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Kiana T. v. Commissioner, Social Security Administration

United States District Court, D. Maryland

December 10, 2018

Kiana T.
v.
Commissioner, Social Security Administration;[1]

         Dear Counsel:

         On January 10, 2018, Plaintiff Kiana T. petitioned this Court to review the Social Security Administration's (“SSA's”) final decision to deny her claim for Supplemental Security Income. ECF 1. I have considered the parties' cross-motions for summary judgment. ECF 15, 20. I find that no hearing is necessary. See Loc. R. 105.6 (D. Md. 2018). This Court must uphold the decision of the SSA if it is supported by substantial evidence and if the SSA employed proper legal standards. See 42 U.S.C. §§ 405(g), 1383(c)(3); Craig v. Chater, 76 F.3d 585, 589 (4th Cir. 1996). Under that standard, I will deny both motions, reverse the judgment of the SSA, and remand the case to the SSA for further analysis pursuant to sentence four of 42 U.S.C. § 405(g). This letter explains my rationale.

         After a prior denial, Plaintiff filed her claim for benefits on January 13, 2015, alleging an onset date of November 30, 2014. Tr. 171-77. Her claim was denied initially and on reconsideration. Tr. 93-96, 103-06. A hearing was held on March 21, 2017, before an Administrative Law Judge (“ALJ”). Tr. 32-53. Following the hearing, the ALJ determined that Plaintiff was not disabled within the meaning of the Social Security Act during the relevant time frame. Tr. 11-31. The Appeals Council (“AC”) denied Plaintiff's request for further review, Tr. 1-6, so the ALJ's decision constitutes the final, reviewable decision of the SSA.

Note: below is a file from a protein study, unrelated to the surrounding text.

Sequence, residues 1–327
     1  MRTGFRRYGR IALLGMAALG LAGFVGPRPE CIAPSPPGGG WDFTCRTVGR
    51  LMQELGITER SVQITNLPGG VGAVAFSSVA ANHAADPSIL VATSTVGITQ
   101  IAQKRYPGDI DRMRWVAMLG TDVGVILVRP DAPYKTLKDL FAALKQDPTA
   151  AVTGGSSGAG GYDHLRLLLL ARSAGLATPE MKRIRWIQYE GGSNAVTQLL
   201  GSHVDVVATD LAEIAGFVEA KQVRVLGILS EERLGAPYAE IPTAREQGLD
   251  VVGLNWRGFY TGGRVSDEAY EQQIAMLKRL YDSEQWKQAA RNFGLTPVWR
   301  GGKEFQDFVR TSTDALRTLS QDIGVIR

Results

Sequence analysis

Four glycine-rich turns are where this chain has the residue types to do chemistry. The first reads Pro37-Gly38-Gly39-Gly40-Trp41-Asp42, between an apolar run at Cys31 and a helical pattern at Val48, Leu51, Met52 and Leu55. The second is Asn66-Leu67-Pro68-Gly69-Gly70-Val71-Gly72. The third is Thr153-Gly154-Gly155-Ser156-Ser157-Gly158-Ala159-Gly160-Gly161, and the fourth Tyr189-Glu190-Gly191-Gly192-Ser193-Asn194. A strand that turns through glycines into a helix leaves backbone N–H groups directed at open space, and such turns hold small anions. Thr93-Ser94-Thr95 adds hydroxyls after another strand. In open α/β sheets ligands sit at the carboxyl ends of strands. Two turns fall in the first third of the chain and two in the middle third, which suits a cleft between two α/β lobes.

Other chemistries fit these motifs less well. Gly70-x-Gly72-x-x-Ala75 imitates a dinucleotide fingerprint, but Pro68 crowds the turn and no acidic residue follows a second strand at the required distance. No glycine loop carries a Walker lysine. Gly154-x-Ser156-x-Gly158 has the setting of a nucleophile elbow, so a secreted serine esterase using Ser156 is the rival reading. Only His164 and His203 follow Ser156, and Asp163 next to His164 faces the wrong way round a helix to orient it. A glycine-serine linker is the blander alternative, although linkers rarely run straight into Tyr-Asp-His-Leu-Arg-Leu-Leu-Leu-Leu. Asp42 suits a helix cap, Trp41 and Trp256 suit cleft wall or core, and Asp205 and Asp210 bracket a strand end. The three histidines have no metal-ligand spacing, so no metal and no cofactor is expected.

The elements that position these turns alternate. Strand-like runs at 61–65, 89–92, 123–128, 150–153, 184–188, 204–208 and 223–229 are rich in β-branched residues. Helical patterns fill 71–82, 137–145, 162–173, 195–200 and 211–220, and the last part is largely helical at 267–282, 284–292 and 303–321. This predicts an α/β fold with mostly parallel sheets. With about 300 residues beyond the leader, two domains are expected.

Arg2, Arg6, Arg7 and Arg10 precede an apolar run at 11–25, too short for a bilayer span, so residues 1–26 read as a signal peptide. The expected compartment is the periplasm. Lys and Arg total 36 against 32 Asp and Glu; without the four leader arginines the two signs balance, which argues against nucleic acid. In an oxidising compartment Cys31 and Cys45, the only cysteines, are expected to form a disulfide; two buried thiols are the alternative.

The ALJ found that Plaintiff suffered from the severe impairments of “slight hearing loss, fibromyalgia, obstructive sleep apnea, obesity, depression, diabetes mellitus type II, hypertension, and congestive heart failure.” Tr. 16. Despite these impairments, the ALJ determined that Plaintiff retained the residual functional capacity (“RFC”) to:

perform sedentary work as defined in 20 CFR 416.967(a) except she can occasionally stoop, kneel, crouch, crawl, and climb ramps and stairs, but cannot climb ladders, ropes, or scaffolds. The claimant should avoid concentrated exposure to extreme temperatures, humidity, environmental irritants, excessive noise, and hazards. The claimant is capable of performing simple, routine, repetitive tasks, and can have occasional interaction with co-workers and supervisors, but no contact with the public.

Tr. 20. After considering the testimony of a vocational expert (“VE”), the ALJ determined that Plaintiff could not perform her past relevant work, but could perform other jobs existing in the national economy. Tr. 24-25. Therefore, the ALJ concluded that Plaintiff was not disabled. Tr. 25-26.